Commentary

Physician calls on the “haves” to join the fight for living wages

Dr. Aparna Jonnal, an Orange county physician, has a great essay over on Blue NC today that serves as an apt follow-up to Miriam Thompson’s fine op-ed that ran in Raleigh’s News & Observer last month. The subject: the societal imperative to combat poverty with living wages and the critical need for even those who wouldn’t benefit directly to join in the fight.

This is from Dr. Jonnal’s post:

“As a doctor, I learn about people’s lives in an intimate way. I can easily say that the greatest obstacle to health that I have seen is poverty. So many of my patients have been very poor, crushingly poor where they have to choose between basic necessities such as food and heat, where there is no chance for them to buy presents for their children, where they lie awake at night wondering if they will have a roof over their heads the next day. And most of them are working.

In fact, being a doctor has often been disappointing because I have to prescribe treatments that people cannot afford, and I have to treat symptoms of problems that have their roots in poverty. This is what led me to work on raising wages for working people, but this fight is a long, hard one. In my years of working toward economic justice, I have only seen the wage and wealth gap grow, and the conditions for low-wage workers plummet. I hear presidential hopefuls talking about the importance of raising wages and raising taxes on the wealthy but none of this will happen without many, many of us working toward these ends on our own.

This struggle should not fall solely upon the shoulders of low-wage working people. Ms. Thompson wisely writes that we all have ‘…the awesome responsibility to challenge the current economic environment.’ I wholeheartedly agree, and believe that the lion’s share of this responsibility is actually on the shoulders of those of us with higher paying jobs.”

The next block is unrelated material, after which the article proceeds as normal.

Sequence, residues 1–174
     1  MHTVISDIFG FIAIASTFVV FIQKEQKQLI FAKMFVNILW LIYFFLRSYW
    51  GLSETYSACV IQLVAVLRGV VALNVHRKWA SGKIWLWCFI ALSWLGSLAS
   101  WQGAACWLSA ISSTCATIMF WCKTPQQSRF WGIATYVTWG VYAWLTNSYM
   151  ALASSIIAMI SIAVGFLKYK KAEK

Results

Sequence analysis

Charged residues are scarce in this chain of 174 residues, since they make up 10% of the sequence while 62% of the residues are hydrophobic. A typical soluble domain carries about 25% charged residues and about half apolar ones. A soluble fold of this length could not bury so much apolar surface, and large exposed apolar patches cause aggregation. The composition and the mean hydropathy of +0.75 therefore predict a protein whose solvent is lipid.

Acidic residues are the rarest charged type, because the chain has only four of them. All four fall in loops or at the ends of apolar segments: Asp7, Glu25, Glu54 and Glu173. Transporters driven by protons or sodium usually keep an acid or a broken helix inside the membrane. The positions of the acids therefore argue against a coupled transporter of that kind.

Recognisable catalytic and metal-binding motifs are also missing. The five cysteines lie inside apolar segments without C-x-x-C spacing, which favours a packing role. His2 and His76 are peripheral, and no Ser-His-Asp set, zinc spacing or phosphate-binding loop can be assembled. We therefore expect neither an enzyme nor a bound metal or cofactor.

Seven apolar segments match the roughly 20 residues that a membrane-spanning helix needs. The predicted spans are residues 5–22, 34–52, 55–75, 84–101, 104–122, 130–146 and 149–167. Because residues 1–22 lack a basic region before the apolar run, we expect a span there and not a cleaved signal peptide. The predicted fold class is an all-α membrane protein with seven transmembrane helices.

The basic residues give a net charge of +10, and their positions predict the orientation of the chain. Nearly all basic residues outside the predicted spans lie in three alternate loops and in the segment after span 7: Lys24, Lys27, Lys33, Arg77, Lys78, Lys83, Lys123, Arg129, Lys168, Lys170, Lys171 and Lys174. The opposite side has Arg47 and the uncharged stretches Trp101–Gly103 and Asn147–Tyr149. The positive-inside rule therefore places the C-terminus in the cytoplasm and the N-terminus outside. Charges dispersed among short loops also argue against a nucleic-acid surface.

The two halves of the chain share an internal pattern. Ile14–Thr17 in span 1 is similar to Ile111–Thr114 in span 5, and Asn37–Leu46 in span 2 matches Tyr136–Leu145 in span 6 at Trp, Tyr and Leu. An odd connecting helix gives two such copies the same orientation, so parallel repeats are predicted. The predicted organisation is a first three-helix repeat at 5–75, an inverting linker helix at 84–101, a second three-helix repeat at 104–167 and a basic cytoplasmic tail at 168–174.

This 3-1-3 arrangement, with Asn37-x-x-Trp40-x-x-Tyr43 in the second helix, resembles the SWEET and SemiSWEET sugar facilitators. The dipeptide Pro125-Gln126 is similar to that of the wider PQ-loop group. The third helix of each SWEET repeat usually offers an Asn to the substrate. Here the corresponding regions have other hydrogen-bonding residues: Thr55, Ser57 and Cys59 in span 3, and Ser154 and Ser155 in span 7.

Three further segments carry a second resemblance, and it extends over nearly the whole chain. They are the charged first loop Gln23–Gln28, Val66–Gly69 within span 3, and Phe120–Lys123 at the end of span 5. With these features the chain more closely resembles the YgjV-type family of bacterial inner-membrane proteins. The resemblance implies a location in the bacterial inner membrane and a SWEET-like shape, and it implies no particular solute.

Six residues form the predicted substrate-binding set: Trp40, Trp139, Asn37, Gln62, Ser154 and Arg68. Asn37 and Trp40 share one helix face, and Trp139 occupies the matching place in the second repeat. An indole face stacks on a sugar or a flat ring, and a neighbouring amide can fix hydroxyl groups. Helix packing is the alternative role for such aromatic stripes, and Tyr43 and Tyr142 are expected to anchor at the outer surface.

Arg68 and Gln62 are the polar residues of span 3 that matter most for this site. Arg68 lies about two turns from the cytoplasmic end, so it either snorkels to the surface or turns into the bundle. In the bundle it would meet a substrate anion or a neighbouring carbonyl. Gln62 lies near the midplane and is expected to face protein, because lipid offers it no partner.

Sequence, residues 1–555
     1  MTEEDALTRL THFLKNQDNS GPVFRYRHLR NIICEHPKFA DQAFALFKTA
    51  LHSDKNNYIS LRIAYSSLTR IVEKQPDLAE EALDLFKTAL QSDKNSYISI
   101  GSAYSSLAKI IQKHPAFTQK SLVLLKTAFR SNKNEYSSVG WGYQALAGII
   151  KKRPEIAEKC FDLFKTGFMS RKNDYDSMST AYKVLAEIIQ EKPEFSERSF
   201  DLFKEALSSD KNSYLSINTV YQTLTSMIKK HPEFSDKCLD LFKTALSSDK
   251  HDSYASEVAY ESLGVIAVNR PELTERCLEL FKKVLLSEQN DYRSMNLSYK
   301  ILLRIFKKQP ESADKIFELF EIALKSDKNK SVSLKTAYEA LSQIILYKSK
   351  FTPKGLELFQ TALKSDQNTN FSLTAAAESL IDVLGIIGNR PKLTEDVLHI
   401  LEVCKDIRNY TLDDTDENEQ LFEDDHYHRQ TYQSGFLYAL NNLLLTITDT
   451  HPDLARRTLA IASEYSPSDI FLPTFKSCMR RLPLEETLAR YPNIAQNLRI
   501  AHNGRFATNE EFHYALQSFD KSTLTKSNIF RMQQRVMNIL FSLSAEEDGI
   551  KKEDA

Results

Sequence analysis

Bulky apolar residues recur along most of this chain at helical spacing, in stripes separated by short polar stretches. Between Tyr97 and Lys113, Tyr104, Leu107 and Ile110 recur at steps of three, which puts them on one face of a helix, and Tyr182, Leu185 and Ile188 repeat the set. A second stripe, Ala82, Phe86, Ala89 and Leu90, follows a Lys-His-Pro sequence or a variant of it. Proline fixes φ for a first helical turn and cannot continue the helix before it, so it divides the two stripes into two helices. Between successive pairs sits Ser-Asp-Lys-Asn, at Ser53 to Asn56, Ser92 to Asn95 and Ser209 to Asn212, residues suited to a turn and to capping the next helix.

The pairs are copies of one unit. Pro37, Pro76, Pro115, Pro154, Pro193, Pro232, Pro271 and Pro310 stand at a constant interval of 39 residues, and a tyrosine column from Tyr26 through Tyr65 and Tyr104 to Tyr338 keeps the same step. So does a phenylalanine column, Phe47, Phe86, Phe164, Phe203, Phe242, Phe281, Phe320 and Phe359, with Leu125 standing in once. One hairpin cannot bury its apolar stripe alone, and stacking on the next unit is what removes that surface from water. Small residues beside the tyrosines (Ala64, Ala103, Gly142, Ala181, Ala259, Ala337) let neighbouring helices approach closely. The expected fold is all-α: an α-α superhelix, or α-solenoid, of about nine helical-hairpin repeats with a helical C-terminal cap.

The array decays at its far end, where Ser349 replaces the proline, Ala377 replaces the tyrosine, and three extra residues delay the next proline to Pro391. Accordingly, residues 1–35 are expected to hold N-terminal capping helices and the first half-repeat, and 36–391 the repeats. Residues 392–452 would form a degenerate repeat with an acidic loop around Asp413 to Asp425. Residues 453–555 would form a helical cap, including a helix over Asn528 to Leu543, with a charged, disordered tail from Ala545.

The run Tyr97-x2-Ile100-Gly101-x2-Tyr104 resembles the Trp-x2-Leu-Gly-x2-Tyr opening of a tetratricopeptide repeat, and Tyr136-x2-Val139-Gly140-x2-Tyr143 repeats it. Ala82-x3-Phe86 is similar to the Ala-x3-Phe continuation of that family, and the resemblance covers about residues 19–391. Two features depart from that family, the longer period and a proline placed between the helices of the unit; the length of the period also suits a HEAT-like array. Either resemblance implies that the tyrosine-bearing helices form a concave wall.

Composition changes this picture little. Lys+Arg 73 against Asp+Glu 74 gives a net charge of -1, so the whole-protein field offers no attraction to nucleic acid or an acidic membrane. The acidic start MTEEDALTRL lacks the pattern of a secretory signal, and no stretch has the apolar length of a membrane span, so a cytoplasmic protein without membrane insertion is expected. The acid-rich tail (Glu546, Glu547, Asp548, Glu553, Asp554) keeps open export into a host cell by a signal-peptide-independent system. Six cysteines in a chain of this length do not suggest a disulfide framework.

Jonall concludes by asking folks of all income levels to become engaged in the Fight for 15 movement. Click here to learn more about that outstanding cause.

Commentary

Minimum wage increases remain hugely popular

raise the wageHere’s an issue that North Carolina conservatives are no doubt delighted isn’t on the ballot in the Old North State tomorrow (other than through the positions of the candidates): the minimum wage.

Steve Greenhouse of the New York Times explains in this article entitled “In State Voting on Minimum Wage, Even Critics Sound Like Supporters”:

In state after state, labor unions and community groups have pushed lawmakers to raise the minimum wage, but those efforts have faltered in many places where Republicans control the legislature.

Frustrated by this, workers’ advocates have bypassed the legislature and placed a minimum-wage increase on the ballot in several red states — and they are confident that voters will approve those measures on Tuesday.

In Alaska, Arkansas, Nebraska and South Dakota, binding referendums would raise the state minimum wage above the $7.25 an hour mandated by the federal government.

These measures are so overwhelmingly popular in some states, notably Alaska and Arkansas, that the opposition has hardly put up a fight.

Poll results in North Carolina on the issue are similarly encouraging. And while North Carolina is obviously not a ballot initiative state, it’s surprising that this issue hasn’t been more front and center in this fall’s election debate. Let’s hope that changes in 2015.